In This Issue of Indiana Lawyer

DEC. 11-24, 2019

A national task force has released recommendations about what courts should do as they fight the opioid crisis. Meanwhile, Indianapolis-area attorneys were trained to administer a life-saving overdose reversal drug. And as the Indiana General Assembly prepares for the 2020 session, juvenile justice advocates are preparing to fight legislation they say could harm young offenders.

Top StoriesBack to Top

Courts as conveners: Task force led by Rush releases recommendations for judicial response to opioid crisis

The National Judicial Opioid Task Force was created in 2017 to delve into ways the judiciary could get a handle on the opioid crisis. Co-chaired by Indiana Chief Justice Loretta Rush, the task force’s work culminated late last month in the release of a report that includes four findings and six recommendations for how courts can respond to the current drug scourge and be better prepared for the next addiction crisis.

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CLE certifies attorneys to administer opioid overdose reversal drug

In addition to checking off two hours of CLE credit before the year’s end, attorneys who attended an Indianapolis Bar Association event earlier this month left certified to administer a life-saving drug. Lawyers learned how to properly use naloxone – commonly known by its brand name, Narcan – following a demonstration presented by the Indiana State Department of Health.

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‘Children are children’: Coalition forms after legislative attempt to lower waiver age

The Children’s Policy and Law Initiative of Indiana and more than 20 nonprofits and community groups have joined together to form the Indiana Coalition for Youth Justice, which advocates for reform in the juvenile justice system so that it offers treatment, programs and interventions that are age-appropriate, fairly applied and result in the best possible outcomes for Indiana children and public safety.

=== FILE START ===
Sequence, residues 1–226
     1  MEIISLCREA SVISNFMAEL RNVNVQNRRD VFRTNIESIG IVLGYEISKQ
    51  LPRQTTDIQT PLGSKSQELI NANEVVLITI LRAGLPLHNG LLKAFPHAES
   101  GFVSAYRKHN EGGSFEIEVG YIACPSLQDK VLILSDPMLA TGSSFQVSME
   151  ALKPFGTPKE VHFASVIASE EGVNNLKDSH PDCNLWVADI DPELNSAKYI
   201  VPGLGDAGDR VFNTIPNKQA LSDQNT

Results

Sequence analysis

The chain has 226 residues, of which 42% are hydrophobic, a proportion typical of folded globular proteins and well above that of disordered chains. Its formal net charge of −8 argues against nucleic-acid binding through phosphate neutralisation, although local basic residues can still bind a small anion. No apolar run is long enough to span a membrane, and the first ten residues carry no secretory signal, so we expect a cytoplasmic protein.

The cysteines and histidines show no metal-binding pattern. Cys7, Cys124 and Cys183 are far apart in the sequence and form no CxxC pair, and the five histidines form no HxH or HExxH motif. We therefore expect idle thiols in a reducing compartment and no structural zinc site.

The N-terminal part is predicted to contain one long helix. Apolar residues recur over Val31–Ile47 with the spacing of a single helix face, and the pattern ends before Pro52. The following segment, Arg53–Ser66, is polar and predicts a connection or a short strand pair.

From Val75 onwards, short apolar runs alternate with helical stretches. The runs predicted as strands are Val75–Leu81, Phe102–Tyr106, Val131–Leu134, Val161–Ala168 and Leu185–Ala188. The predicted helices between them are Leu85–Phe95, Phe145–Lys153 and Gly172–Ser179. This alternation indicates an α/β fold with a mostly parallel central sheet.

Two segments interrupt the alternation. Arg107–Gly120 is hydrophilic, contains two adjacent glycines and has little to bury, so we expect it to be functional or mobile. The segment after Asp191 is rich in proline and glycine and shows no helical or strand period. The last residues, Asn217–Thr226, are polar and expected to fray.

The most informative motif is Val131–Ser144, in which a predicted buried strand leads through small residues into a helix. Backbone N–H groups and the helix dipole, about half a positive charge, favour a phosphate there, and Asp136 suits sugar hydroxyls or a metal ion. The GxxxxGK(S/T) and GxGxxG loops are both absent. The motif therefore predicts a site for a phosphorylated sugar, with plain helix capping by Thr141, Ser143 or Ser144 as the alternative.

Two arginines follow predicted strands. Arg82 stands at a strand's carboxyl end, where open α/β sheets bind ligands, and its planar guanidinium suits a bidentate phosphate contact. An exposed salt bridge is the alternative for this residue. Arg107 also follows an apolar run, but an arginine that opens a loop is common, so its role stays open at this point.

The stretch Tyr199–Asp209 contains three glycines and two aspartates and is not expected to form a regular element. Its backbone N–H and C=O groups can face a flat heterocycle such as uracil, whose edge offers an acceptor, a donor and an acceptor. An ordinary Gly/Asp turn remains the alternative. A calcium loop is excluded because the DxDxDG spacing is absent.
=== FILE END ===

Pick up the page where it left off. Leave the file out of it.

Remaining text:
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Lawsuits hatch from egg contract that spoiled

Less than a month after an Indiana jury delivered a $1.46 million verdict against Evansville-based Rexing Quality Eggs, the contract dispute was still going, with the parties arguing at the 7th Circuit Court of Appeals over the return of plastic egg packing materials.

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FocusBack to Top

Willful wrong? SCOTUS to resolve circuit split on profits

Among the circuit courts of appeal, there is an even split between the 1st, 2nd, 8th, 9th, 10th and Washington, D.C., circuits and the 3rd, 4th, 5th, 6th, 7th and 11th over whether the Lanham Act requires “willful” infringement before a plaintiff can recover profits. The United States Supreme Court is set to bring clarity to the circuit split when it hears arguments in Romag Fasteners Inc. v. Fossil Inc., 18-1233, next month.

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Lindman: Trademarks in the Supreme Court: 2019-2020

One could assume that significant issues in federal trademark law were decided long ago; yet, the Supreme Court issued two trademark decisions in 2019 that fundamentally impact trademark protection and has granted certiorari in three trademark cases for the 2019-2020 term.

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OpinionBack to Top

Uhl and Bose: Domino’s effect: SCOTUS skips clarifying ADA web access

Businesses are increasingly facing lawsuits under the Americans with Disabilities Act (ADA) regarding whether their websites are accessible to persons with disabilities. Recently, the United States Supreme Court declined an opportunity to address the law applicable to such claims, leaving businesses with little clarity as to what potential exposure they face.

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Disciplinary ActionsBack to Top

Bar AssociationsBack to Top

IndyBar: YLD’s Office Hours: Ease the Burden of Young Lawyering

Whether you’re working at a firm, at a nonprofit, for the government or you decided to hang your own shingle, it can feel lonely being a new attorney in a world of people who seem to have things figured out. We’re here for you. The IndyBar Young Lawyer Division (YLD) has put into place something we’re calling Office Hours!

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